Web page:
Shortly after they seized the colonies, the British, under the command of the Lieutenant Governor, Lieutenant Colonel Robert Kingston, constructed a small fort at the mouth of the Demerara River to protect the harbour. This fort was named Fort St. George, and near to it administrative buildings were erected to house the government of Demerara. The British also began laying out the beginnings of the town in the vicinity of the fort, near to which a little settlement developed.

But then, in January 1782, a French fleet arrived and the British were forced to surrender the colonies. Immediately, the new French administrators set about to build a town at the mouth of the Demerara River. Persons wishing to live in the new town were requested to apply for lots. Two parallel canals running east from the Demerara River were dug by slaves and the dirt which was excavated was used to build a dam between these canals. Settlers in the new town built their houses on both sides of this embankment which later was surfaced with bricks made from burnt clay. The resulting road later became known as Brickdam. The canals which ran at the back of the houses served as routeways for cargo. The town was first called Longchamps, but later the name was changed to La Novelle Ville, literally New Town.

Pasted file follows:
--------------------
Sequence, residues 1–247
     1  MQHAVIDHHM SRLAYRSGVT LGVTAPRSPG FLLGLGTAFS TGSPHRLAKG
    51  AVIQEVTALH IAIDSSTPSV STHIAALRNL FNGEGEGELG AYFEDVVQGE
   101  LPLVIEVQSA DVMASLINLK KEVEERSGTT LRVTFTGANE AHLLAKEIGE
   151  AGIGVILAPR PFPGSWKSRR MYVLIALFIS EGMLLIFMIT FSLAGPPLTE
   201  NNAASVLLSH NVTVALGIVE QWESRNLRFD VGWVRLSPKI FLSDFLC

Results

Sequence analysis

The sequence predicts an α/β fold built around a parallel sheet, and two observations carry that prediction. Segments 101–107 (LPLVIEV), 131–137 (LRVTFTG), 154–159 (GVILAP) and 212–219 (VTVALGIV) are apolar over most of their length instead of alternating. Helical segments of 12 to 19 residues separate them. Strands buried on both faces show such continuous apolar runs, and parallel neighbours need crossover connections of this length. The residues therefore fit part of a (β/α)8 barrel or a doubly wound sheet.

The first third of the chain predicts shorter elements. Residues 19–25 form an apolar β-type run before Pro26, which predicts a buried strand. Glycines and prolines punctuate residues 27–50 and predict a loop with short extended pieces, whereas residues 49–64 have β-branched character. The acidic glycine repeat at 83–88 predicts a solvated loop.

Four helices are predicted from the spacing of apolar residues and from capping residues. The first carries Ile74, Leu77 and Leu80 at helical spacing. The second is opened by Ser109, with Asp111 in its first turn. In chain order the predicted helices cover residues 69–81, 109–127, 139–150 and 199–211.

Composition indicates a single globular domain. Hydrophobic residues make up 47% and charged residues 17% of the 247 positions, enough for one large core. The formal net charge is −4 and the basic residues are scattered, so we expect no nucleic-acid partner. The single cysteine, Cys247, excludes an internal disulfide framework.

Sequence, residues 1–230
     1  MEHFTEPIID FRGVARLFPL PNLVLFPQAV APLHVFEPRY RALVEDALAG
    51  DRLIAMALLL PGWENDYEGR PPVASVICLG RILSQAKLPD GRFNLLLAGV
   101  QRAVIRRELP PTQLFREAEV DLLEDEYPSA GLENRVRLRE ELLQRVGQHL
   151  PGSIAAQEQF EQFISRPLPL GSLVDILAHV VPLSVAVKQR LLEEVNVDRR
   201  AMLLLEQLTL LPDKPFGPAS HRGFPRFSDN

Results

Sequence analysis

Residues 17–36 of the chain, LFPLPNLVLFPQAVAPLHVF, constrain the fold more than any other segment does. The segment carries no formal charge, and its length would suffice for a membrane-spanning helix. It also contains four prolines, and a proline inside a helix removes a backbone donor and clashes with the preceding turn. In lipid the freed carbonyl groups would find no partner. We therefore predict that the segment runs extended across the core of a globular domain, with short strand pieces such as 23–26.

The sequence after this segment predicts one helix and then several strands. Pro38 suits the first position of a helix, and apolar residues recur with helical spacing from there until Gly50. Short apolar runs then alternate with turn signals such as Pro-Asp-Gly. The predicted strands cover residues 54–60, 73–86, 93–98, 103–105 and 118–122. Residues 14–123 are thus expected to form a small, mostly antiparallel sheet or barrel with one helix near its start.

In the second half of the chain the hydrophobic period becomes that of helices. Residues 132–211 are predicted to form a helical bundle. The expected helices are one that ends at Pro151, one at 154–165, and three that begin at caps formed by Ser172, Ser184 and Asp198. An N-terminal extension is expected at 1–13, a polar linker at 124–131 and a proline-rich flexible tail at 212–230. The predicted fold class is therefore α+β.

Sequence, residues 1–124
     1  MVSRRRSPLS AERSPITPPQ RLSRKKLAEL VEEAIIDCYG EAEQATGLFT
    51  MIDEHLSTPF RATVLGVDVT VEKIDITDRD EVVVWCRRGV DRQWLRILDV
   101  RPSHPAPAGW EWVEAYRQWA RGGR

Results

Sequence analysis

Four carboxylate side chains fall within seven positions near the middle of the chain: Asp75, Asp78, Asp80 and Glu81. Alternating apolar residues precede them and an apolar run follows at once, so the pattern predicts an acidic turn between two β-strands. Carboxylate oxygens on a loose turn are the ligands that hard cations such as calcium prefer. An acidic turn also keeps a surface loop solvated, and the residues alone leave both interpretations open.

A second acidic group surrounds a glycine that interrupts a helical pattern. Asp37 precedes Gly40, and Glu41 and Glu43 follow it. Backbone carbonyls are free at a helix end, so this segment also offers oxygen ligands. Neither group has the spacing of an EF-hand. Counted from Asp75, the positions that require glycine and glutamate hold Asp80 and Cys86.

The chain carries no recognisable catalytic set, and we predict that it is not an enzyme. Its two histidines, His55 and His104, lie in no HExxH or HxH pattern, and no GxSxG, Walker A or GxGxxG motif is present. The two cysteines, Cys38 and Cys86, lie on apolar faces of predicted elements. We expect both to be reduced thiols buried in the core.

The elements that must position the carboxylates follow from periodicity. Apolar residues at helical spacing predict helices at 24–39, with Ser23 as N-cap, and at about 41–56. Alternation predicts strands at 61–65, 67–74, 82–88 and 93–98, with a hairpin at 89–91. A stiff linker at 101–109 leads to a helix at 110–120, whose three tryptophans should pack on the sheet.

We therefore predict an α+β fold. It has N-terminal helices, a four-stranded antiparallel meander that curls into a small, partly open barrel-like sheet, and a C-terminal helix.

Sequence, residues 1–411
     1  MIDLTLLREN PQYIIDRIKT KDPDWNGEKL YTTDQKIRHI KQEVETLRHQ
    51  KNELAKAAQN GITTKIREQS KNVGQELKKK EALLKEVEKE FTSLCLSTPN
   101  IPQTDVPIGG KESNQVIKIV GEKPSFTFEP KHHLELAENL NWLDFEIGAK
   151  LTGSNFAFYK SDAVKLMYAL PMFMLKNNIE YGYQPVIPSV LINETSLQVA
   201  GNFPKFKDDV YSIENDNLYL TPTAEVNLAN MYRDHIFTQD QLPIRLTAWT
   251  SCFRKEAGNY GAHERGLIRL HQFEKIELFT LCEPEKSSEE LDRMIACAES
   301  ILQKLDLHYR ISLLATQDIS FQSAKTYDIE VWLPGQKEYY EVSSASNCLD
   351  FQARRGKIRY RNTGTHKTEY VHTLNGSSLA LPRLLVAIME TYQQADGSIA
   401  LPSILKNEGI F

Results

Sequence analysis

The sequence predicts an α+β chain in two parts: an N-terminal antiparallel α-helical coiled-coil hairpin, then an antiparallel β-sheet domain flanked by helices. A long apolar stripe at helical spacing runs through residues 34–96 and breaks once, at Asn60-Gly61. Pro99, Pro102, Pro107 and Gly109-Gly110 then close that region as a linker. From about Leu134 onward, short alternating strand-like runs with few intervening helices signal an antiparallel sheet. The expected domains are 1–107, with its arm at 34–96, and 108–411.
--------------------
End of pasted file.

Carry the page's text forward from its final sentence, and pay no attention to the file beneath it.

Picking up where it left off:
The French also built two forts at the mouth of the Demerara River; the fort on the eastern side was named Le Dauphin and that on the western bank was named La Reine.

In Berbice, the French dismissed Koppiers but they continued the policy of the British of granting lands on the coast for cultivation.